Although the movement just ordered was delayed somewhat by Ewell's attack, yet it was begun on the night of the 21st of May. The cavalry was sent forward, and occupied the line of the Fredericksburg and Richmond Railroad at Guinney's Station and Bowling Green, followed immediately by Hancock's corps, and the next day by Warren's and the remainder of the army. Lee, also, at the same time, evacuated Spottsylvania, and began his march southward, moving on a direct interior line to the North Anna, where it was expected he would make a stand. There was but little opposition encountered by our troops on the route they had taken, as the several corps pushed on to the North Anna River. Hancock effected a crossing near Taylor's Bridge, after a spirited assault. Warren got his corps over

higher up, at Jericho Ford, and although violently attacked on the south branch of the stream, repulsed the enemy with heavy loss. The next day was spent in getting over the remainder of the army, in the face of considerable opposition. Grant now took up a position south of the river, and prepared to open communication with Port Royal on the Rappahannock, whither his Wounded were sent. The enemy in front held a very strong position between the North and South Anna, and covering the crossing of the Fredericksburg and the Virginia Central Railroads at Sexton's Junction.*

Grant, finding that the position of the rebels on the North Anna was stronger than either of their previous ones, withdrew, on the night of the 26th of May, to the north bank of the North Anna, and moved by way of Hanovertown, to turn the enemy's position by his right. Torbert's and Merritt's divisions of cavalry, under Sheridan, and the 6th corps, led the advance; and the Pamunkey River was crossed on the 28th, at Hanovertown, after some sharp fighting. On the same day there was a severely contested engagement between our cavalry, under Torbert and Gregg, and a body of the enemy's horse. The engagement took place at Haw's Shop or Store, and the rebels were defeated and driven about a. mile. On the 29th and 30th of May, the army advanced, with heavy skirmishing, to

* On the 24th of May, the 9th corps, commanded by Burnside, was assigned to the Army of the Potomac, and, from this date, was a portion of Gen. Meade's command. On the 25th, Sheridan, of whoso raid we have spoken on a previous page (p. 432), rejoined the Army of the Potomac.

the Hanover Court House and Cold Harbor road, and developed the position of the rebels north of the Chickahominy. Late on the evening of the 30th of May, to use Grant's language, "the enemy came out and attacked our left, but was repulsed with very considerable loss. An attack was immediately ordered by Gen. Meade along his whole line, which resulted in driving the enemy from a part of his entrenched skirmish line. On the 31st of May, Gen. Wilson's division of cavalry destroyed the railroad bridges over the South Anna River, after defeating the enemy's cavalry. Gen. Sheridan, on the same day, reached Cold Harbor, * and held it until relieved by the 6th corps, and Gen. Smith's command, which had just arrived, via White House, from Gen. Butler's army."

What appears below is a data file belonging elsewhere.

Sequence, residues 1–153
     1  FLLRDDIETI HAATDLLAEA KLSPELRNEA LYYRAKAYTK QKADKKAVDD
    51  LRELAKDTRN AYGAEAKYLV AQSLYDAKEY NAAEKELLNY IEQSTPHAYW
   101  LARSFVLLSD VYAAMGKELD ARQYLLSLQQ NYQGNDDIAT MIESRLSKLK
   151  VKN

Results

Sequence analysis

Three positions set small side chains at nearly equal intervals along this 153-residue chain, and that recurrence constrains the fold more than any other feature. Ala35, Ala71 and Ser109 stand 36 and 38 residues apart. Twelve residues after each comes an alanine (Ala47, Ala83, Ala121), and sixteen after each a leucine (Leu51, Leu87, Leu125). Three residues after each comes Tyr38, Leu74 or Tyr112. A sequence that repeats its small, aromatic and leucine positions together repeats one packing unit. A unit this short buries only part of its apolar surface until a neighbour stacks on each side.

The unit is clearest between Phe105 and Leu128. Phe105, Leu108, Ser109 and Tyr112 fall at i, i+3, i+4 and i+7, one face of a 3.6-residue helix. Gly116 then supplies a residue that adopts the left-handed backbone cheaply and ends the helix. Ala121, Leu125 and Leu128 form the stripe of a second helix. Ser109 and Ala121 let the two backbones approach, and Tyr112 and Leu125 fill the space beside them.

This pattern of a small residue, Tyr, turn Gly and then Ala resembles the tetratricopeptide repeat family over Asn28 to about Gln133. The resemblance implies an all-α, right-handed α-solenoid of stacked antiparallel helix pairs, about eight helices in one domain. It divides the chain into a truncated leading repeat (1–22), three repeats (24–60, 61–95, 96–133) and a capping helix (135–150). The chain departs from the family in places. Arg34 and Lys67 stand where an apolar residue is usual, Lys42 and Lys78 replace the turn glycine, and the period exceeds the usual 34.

It will be recollected (see p. 424) that one of the co-operating movements on which Grant relied in carrying forward the present campaign, was that under Sigel, who was in command in the department of Western Virginia. Grant's idea was, that Sigel's force should act in such wise as to compel the rebels to detach largely for the protection of their supplies and lines of communication, or lose them; and he, accordingly, gave orders to Sigel to organize or form his available force into two columns, one under Gen. Crook, on

* The great importance of this point, with reference to Grant's plan, was evident, since it was the point of concurrence of all the roads, radiating to Richmond, or to White House, our hase of supplies. The rebels were aware of the need of securing this position, and they attacked Sheridan with all possible force and energy, in order to drive him out; but that gallant officer successfully resisted the assault —See Coppee's "Orant and Jut Campaign!," pp. 336-339

the Kanawha, numbering about 10,000 men, and one on the Shenandoah, numbering about 7,000 men. The latter was to move to Cedar Creek, and threaten the enemy in the Shenandoah Valley, advancing as far as possible; while Crook was to take possession of Lewisburg, with part of his force, and move down the Tennessee Railroad, doing as much damage as he could, destroying the New River bridge and salt works, at Saltville, Virginia.

The movement thus directed by the commander in chief to be made in the Kanawha and Shenandoah Valleys, was begun on the 1st of May. Crook, who had the immediate command of the Kanawha expedition, divided his forces into two columns, giving one, composed of cavalry, to Gen. Averill. They crossed the mountains by separate routes. Averill succeeded in distracting the attention of the noted rebel leaders, A. G. Jenkins and John Morgan, and preventing a junctiou of their forces against Crook and his movement. On the 7th of May, Averill came up with a portion of Morgan's men, and finding him in force, after a skirmish, he passed by a circuitous route over Walker Mountain, a weary march to Cove Mountain Gap, in the immediate vicinity of Wytheville, on the railroad, his proposed destination. Morgan, anticipating the movement, was met at the Gap, strongly posted with a greatly superior body of cavalry and infantry, with four pieces of cannon. Averill held his ground during the day, May 10th, against repeated assaults, and at night extricated himself from the perilous situation, with a loss in killed and